So then to the Number 8 single, marking the triumphant return of The Darkness to the charts. Two years ago they were, of course, a phenomenon, a heavy metal act who rather than carefully eschewing all the 70s and 80s rock cliches embraced them wholeheartedly instead, the result being an album Permission To Land that brought a badly needed sense of fun back to the genre. Massive hits such as I Believe In A Thing Called Love followed and in the spirit of doing stuff you are not supposed to do any more they even attempted to land Christmas Number One in 2003 with Christmas Time (Don't Let The Bells End) only to be pipped at the post in the last week. Since then the picture hasn't been quite so rosy, the recording of their new album beset by stories of rows over their direction (some of the group wanting to avoid forever being labelled a novelty act), at one stage leaving Justin Hawkins to wind up sticking surplus tracks on a solo album (the poorly-received 'British Whale' project).

Out of the chaos comes the new single One Way Ticket and in truth, you can see the cracks showing. The formula is still the same, a Motley Crue-esque tale of drug addiction dressed up in poodle perms and Freddie Mercury style harmonies. The difference is that whereas their old material had a genuine sense of fun as the band deliberately tried to be as naff as possible, One Way Ticket sounds as if they are begging to be taken seriously whilst they use the same tricks we were encouraged to laugh at two years ago. Maybe I'm reading too much into this as after all the rest of the new album remains unheard and the b-side is called Wanker. This isn't the end of The Darkness or even the beginning of the end, but the fact that their celebrated comeback is only the fifth biggest new entry of the week should really set off alarm bells somewhere.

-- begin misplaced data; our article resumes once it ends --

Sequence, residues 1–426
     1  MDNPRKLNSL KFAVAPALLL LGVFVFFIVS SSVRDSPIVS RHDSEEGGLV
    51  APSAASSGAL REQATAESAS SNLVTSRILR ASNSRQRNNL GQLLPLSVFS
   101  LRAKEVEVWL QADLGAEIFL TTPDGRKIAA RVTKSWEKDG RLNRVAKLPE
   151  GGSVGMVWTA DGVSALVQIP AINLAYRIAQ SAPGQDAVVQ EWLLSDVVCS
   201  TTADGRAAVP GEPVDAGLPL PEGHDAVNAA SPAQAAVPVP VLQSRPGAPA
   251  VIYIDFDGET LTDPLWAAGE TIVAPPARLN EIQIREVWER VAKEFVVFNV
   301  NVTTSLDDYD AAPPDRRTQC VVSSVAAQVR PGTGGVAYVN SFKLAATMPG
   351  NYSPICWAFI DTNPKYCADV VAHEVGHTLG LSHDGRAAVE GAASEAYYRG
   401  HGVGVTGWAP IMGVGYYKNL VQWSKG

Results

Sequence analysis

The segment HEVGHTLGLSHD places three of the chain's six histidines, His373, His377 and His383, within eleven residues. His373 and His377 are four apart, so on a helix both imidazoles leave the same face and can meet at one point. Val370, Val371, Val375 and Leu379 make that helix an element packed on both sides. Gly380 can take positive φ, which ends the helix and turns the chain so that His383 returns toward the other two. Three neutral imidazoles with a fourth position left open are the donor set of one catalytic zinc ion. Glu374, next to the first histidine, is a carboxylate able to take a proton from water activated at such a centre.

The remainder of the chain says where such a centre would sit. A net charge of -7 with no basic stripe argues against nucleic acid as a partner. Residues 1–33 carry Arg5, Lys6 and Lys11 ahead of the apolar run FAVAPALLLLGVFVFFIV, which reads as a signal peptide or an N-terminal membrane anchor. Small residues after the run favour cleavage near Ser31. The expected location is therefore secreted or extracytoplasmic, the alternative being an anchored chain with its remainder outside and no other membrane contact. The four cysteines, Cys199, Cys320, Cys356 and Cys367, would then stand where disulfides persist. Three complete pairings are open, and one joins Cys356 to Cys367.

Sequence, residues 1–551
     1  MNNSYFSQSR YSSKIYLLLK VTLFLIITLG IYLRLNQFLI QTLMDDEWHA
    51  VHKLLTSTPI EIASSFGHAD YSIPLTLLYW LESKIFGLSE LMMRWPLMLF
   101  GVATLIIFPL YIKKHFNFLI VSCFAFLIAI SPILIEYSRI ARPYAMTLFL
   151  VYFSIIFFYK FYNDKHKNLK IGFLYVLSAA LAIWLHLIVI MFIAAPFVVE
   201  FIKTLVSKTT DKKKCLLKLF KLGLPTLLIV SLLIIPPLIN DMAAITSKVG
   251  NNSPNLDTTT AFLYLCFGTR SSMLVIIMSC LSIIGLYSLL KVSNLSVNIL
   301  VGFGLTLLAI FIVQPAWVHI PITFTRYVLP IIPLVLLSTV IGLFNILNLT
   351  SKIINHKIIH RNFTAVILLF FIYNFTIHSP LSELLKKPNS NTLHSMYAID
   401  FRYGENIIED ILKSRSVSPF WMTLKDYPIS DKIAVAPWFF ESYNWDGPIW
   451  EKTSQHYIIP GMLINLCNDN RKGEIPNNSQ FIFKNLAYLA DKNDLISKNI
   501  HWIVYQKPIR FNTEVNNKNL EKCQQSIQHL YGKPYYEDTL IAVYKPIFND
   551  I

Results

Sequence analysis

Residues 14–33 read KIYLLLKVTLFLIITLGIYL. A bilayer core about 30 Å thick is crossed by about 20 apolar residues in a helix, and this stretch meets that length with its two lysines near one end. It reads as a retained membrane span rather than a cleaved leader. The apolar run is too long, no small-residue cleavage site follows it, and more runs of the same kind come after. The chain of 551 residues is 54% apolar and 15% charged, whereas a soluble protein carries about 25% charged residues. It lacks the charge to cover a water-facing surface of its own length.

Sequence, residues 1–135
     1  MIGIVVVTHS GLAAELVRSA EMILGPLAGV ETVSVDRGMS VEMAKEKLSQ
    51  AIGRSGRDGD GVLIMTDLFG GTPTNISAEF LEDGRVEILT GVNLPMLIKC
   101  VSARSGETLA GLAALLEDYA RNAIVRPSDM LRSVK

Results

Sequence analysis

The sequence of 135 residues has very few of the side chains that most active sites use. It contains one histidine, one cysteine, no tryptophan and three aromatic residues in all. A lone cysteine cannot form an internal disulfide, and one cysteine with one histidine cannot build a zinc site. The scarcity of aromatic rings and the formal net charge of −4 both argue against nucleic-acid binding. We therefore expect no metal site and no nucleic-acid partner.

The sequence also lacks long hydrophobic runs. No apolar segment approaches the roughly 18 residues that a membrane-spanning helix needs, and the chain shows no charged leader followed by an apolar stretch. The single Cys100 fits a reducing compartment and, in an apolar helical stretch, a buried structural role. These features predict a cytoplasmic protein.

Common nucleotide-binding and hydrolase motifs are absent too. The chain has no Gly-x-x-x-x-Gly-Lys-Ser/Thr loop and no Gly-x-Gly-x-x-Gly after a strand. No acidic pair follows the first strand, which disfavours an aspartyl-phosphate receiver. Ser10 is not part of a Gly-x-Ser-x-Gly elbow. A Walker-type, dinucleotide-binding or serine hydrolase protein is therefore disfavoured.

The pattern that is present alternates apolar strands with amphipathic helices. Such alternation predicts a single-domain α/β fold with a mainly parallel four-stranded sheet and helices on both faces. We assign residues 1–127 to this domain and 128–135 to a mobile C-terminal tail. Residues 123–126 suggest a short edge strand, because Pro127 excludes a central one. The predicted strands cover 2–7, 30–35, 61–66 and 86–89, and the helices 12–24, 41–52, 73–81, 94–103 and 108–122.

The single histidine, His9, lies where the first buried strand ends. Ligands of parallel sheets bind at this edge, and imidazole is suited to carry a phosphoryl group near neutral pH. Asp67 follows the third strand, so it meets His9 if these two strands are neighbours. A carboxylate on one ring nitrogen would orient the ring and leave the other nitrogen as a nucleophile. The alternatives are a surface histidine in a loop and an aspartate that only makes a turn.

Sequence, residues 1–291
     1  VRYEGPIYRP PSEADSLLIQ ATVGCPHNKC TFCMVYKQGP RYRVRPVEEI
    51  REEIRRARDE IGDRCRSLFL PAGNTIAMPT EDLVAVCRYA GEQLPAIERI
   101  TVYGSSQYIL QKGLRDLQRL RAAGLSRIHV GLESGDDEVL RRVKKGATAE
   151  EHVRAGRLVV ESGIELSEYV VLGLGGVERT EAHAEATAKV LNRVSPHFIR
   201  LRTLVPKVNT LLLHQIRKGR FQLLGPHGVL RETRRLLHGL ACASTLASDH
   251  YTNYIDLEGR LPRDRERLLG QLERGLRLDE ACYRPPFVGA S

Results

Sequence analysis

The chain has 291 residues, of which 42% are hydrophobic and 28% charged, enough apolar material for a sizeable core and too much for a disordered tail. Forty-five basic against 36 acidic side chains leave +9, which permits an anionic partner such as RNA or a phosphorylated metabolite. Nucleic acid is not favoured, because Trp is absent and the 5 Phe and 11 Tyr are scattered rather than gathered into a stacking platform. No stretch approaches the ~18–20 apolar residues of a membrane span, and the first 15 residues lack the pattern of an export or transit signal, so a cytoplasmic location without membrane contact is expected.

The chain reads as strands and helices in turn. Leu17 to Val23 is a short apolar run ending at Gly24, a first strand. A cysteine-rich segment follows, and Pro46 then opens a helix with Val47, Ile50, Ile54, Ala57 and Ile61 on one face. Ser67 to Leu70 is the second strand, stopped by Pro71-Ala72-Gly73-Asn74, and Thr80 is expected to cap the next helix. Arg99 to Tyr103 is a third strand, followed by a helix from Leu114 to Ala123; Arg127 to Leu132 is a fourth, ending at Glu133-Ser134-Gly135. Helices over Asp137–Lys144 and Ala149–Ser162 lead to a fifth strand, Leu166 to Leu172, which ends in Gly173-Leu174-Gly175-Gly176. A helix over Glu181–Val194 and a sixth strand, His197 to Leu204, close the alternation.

In at Number 10, this week are the alarmingly consistent White Stripes whose Get Behind Me Satan album has now produced one Number 9 and two Number 10 singles. Their third hit of the year duly becomes their fourth Top 10 hit, The Denial musically speaking not too far removed from its immediate predecessor My Doorbell which was a hit back in September. I still rank Blue Orchid as the best track to come from the album so far.

Just one more single sneaks into the Top 20 this week, that honour going to Green Day who see Jesus Of Suburbia land at Number 17. The track ranks as one of the longest singles to chart for some considerable time, the unedited album version (the track taken from the acclaimed American Idiot CD) running for nine minutes and eight seconds. OK so it isn't their biggest hit single ever, but as the fifth single to be taken from the album you can't really argue with a Number 17 entry.

Finally this week your sympathy for Funeral For A Friend who after six Top 40 singles are still some way short of landing their first ever Top 10 single. Number 21 single History is their third release of the year and marks an improvement over their last hit Monsters which made a mere Number 36 but even so their best chart performance to date is the Number 15 peak scaled by Streetcar back in June. As ever it could be worse. Just check out the fate of Athlete who began the year as superstars in waiting with the Number 4 hit Wires. This week new single Twenty Four Hours limps into the chart at Number 42.